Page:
Volume 21, Number 10—October 2015
Risk Factors for Sustained Cholera Transmission, Juba County, South Sudan, 2014
Cholera is an acute diarrheal disease caused by ingestion of food or water contaminated by the bacteria Vibrio cholerae, of which O1 is the most common serogroup in Africa (1,2). Although the proportion of global cholera cases reported from sub-Saharan Africa decreased from 93%–98% during 2001–2009 to 44% in 2013, cholera remains a major cause of disease epidemics in countries like South Sudan (3). In recent years, 4 major cholera outbreaks have occurred in South Sudan: in 2006, the number of cholera cases totaled 19,277 (case-fatality rate [CFR] 2.9%); in 2007, cases totaled 22,412 (CFR 1.8%); in 2008, cases totaled 27,017 (CFR 0.57%); and in 2009, cases totaled 48,035 (CFR 0.13%) (4–6; Ministry of Health, South Sudan, unpub. data). A previous case–control study conducted during the 2007 cholera outbreak in Juba County, South Sudan, showed that cholera was associated with being a visitor to Juba, having a water source close to the residence, and treating drinking water (because of inadequate treatment techniques); eating hot food was the only factor significantly associated with a lower risk of cholera (7).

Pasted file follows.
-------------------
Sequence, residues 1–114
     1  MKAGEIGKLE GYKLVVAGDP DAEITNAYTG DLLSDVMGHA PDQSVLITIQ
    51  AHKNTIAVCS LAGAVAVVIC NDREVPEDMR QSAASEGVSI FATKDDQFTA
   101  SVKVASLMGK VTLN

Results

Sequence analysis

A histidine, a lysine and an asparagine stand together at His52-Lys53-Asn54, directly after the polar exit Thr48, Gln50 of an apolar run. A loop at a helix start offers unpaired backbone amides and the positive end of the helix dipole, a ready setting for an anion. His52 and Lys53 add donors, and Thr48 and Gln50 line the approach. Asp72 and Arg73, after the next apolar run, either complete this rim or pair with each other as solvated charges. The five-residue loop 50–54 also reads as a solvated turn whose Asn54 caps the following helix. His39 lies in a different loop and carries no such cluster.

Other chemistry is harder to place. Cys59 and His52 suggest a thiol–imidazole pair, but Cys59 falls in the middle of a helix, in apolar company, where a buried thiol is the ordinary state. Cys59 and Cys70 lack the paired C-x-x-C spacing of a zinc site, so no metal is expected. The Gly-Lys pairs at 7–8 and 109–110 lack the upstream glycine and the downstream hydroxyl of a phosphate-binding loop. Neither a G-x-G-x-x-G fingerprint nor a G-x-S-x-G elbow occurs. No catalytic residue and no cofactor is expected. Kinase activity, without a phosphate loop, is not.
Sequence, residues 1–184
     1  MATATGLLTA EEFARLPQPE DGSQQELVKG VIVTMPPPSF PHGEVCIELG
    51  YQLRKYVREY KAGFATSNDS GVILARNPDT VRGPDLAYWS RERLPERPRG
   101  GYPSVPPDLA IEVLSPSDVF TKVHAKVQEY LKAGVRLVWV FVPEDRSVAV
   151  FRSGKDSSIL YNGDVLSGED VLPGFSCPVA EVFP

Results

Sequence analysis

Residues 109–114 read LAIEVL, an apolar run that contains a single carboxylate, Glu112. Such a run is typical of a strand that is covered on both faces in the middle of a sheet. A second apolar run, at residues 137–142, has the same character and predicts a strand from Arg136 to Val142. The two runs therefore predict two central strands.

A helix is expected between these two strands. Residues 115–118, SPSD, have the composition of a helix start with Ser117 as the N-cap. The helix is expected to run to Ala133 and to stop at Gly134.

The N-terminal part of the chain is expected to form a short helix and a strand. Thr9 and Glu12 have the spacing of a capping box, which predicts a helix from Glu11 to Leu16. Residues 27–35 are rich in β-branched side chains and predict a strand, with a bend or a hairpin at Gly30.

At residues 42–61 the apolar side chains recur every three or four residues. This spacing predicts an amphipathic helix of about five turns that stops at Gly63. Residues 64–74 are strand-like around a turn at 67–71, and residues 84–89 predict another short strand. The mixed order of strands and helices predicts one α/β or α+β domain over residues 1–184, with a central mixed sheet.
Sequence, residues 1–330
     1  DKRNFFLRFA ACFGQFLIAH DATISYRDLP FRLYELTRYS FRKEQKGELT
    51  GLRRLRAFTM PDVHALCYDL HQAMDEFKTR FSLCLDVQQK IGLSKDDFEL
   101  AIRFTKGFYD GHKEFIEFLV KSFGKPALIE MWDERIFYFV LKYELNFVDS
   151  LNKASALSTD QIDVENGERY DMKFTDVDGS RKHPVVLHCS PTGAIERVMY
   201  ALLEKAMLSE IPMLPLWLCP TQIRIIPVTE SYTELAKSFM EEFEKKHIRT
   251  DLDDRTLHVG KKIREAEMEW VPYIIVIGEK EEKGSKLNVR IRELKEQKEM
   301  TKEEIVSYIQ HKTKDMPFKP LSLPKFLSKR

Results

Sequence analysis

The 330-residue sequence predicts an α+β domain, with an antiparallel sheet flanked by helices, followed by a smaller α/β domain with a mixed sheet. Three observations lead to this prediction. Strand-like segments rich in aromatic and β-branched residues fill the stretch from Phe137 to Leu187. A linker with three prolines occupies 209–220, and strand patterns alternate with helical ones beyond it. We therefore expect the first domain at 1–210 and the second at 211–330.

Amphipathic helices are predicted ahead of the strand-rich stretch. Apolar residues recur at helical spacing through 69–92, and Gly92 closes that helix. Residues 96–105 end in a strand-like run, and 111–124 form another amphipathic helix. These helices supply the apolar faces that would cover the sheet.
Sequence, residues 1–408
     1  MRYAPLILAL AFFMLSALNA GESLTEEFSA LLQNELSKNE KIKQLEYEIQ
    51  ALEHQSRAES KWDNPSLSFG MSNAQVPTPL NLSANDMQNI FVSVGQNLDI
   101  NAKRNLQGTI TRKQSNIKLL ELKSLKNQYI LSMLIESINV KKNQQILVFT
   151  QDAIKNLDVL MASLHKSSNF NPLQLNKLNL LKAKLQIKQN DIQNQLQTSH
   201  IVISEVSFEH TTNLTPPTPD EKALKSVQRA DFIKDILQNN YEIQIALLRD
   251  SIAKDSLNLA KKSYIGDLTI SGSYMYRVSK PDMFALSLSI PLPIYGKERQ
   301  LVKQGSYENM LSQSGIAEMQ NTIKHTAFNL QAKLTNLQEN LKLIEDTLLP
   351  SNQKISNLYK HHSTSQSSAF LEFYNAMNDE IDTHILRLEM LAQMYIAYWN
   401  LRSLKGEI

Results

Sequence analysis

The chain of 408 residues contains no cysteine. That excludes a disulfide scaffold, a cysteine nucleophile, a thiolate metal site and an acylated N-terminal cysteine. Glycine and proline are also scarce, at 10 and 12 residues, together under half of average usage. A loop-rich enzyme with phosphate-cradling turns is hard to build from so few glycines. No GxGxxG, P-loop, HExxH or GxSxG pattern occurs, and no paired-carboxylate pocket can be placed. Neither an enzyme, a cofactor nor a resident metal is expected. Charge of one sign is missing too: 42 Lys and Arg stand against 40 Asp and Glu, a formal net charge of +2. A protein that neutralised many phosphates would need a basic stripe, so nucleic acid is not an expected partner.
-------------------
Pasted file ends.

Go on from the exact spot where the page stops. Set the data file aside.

On May 6, 2015, a cholera outbreak was confirmed in Juba County, South Sudan, during a major humanitarian crisis precipitated by political and ethnic tensions that deteriorated dramatically starting in December 2013. Epidemiologic investigations revealed that the outbreak started on April 23, 2014. We conducted a matched case–control study to identify risk factors for, and protective factors against, illness during the 2014 cholera outbreak in Juba County.